Waiting for Elsa: How Sound & Music Can Enhance the Waiting Experience for your Customers

Last weekend, I found myself standing in line in front of a retail store that I hadn’t been to since I was 8 years old. It was 8am on a Saturday morning, and the doors to the Manhattan Disney Store were about to open for a long line comprised mostly of little girls and their parents waiting for the limited amount of Frozen merchandise to arrive.

I would have been sleeping in bed if not for the impending birthday of my nearly 4-year old niece, who “plays” Queen Elsa so much that her pre-school teachers have banned Frozen-related behavior from her classroom. So my wife and I queued up along with all the other little Elsas, waiting for the authentic Elsa dress that apparently is selling on Ebay for nearly three times the retail value. I should have told Starbucks to write “Uncle of the Year” on my to-go cup.

As the chipper Disney employees whisked us into the store, where the majority of the waiting would occur, I heard some familiar sounds that transported me back to another time and place. First, a whistle from Mickey Mouse which I immediately placed as the song from the famed 1928 “Steamboat Willie” episode. Next, a pop-ballad love song that my wife informed me was from Tangled. Lanterns, which play a role in the film, were placed up and down the walls and ceiling surrounding the escalator to enhance the experience. The Elsas squealed with delight.

The line snaked around the Disney store as audio and visual stimuli filled various corners of the room. I enjoyed clips of Fantasia and The Little Mermaid, songs from The Lion King, and yes, even “Let It Go” from Frozen. By the time we reached the front of the line, an hour and a half had passed. We got the dress for our little Elsa, and both my wife and I looked at each other at the same time and said, “that wasn’t so bad.”

Disney has good reason to ensure that their customers have an enjoyable experience, no matter how long they wait. A study conducted in early 2013 by Oracle Global Research found that “brands could lose up to 20% of revenue due to poor customer experiences,” and that “many struggle to develop successful strategies.”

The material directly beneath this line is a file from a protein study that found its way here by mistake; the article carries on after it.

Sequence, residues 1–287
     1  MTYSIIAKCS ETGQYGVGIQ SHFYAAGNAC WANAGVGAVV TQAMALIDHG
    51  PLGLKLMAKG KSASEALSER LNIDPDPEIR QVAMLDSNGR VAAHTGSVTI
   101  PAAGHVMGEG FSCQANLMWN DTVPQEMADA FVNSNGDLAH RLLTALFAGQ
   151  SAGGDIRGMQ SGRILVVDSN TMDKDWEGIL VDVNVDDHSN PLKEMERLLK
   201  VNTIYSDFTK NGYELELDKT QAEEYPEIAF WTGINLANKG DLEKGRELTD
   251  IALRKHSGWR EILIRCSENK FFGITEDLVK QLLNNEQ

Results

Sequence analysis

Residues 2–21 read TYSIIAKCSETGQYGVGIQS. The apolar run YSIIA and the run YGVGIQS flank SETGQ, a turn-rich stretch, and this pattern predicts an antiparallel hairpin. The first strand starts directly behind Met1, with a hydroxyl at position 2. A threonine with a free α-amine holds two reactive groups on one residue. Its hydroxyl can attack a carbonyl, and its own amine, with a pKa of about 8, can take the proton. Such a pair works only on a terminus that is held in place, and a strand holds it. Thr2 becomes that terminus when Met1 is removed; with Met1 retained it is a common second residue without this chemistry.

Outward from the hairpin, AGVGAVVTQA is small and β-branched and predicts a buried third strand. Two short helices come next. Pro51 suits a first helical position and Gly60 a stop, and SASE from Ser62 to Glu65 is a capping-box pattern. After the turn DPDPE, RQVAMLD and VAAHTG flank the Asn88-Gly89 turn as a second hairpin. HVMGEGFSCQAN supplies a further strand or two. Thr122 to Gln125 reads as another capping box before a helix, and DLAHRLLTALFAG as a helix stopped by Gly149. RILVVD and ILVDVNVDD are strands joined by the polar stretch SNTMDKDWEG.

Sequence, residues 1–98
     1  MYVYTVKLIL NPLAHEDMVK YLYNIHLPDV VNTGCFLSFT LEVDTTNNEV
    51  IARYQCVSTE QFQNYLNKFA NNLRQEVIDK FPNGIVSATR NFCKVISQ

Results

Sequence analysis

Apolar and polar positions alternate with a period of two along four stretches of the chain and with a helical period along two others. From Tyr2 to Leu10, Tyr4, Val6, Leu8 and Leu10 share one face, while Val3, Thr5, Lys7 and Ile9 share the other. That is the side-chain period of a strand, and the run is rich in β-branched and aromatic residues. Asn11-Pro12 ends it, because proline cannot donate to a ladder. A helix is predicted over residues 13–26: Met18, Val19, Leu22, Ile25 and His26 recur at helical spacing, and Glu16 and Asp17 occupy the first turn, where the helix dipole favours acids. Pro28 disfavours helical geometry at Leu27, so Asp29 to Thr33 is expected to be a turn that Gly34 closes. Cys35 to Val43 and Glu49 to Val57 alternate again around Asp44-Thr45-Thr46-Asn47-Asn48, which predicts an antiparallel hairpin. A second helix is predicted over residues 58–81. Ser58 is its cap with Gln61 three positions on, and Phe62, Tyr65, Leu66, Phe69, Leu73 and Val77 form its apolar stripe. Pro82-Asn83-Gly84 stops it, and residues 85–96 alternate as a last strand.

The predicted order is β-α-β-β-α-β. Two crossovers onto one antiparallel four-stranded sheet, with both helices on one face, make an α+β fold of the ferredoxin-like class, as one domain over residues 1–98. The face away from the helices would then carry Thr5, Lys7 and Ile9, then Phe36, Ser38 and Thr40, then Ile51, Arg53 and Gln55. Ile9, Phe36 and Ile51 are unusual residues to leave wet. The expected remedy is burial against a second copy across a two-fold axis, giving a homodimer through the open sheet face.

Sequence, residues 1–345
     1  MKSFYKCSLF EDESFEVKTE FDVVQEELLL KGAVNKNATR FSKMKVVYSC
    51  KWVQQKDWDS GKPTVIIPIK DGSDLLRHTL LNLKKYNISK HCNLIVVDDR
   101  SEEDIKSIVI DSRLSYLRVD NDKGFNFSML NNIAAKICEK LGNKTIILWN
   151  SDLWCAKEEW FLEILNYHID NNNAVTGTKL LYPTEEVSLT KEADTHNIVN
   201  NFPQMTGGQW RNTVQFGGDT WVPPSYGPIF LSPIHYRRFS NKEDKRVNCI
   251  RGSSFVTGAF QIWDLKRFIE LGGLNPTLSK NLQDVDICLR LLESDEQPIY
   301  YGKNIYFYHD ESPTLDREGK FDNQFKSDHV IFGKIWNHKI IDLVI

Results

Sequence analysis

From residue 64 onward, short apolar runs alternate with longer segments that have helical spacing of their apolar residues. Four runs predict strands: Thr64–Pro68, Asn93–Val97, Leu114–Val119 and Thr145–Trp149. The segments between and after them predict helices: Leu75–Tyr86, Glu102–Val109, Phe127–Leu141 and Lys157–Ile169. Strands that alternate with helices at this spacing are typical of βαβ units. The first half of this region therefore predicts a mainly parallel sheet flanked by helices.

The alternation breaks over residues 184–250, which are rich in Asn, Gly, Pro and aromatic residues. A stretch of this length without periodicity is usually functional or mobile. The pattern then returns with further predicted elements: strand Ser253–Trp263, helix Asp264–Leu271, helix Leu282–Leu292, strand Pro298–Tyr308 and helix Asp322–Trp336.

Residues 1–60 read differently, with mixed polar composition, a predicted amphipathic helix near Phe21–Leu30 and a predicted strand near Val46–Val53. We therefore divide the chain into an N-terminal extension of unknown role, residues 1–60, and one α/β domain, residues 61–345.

Whether your customers are waiting in a physical or virtual line, there’s no doubt that the right sounds played at the right time can turn around what could otherwise be an unpleasant customer experience. To that end, we offer the following tips:

1. Understand Your Customers

One thing brands are not short of these days is customer data. Modern marketing tools ensure that once an email address is obtained, all sorts of telling information – like age, location, and behavior – can be collected immediately. Defining the audience can often dictate the direction of the Sonic Strategy and help brands to develop a Sonic Identity. To help you understand your customers, we bring both an artistic and scientific approach.

2. Keep Your Customers Entertained

For companies like UPS and FedEx, where a large amount of business and customer service is done over the phone, wait times are often long and irksome. Playing the same 60 second loop over and over again could make anyone go insane, and it’s surprising how many companies who rely on customer service do just that. Do a YouTube search for “the worst on-hold music” and be prepared to hear how many big name brands don’t make the grade. Based on client work with help desks and call centers that has included original compositions and engagements with our music supervision team to find you the right tracks, our research has proven that the right music and voice, and unexpected sonic cues at the right moments, will increase the time customers are willing to wait.

3. Focus on The Customer “Experience”

When Made Music Studio engages with a client, we don’t focus on the sounds or songs that will play while your customers wait – we focus on the experience. A client who manages a group of hospitals and doctor’s offices might look for music that will put their waiting customers at ease, while ticket holders waiting to get into a stadium would respond best to music and sound that will pump them up for the game. Starbucks, for example, has stores with various layouts and sizes, but that doesn’t mean there isn’t a combination of art and science behind how they get you from waiting on line to holding your coffee cup without feeling frustrated.

Learn how your brand’s customer experience can be transformed by visiting mademusicstudio.comDon’t wait.

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